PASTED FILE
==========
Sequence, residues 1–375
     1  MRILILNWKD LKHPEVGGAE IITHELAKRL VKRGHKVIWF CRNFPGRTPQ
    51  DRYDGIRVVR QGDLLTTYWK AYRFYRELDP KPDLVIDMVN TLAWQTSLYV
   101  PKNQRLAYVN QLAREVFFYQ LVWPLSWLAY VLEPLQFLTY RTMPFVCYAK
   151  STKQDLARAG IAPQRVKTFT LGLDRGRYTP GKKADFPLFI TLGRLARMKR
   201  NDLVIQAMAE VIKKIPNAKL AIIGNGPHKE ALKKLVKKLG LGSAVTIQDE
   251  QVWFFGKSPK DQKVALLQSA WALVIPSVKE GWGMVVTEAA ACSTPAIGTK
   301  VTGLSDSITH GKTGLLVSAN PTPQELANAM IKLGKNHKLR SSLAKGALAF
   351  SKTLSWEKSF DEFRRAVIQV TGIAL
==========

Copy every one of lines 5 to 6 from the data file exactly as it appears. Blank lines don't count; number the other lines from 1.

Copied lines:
   151  STKQDLARAG IAPQRVKTFT LGLDRGRYTP GKKADFPLFI TLGRLARMKR
   201  NDLVIQAMAE VIKKIPNAKL AIIGNGPHKE ALKKLVKKLG LGSAVTIQDE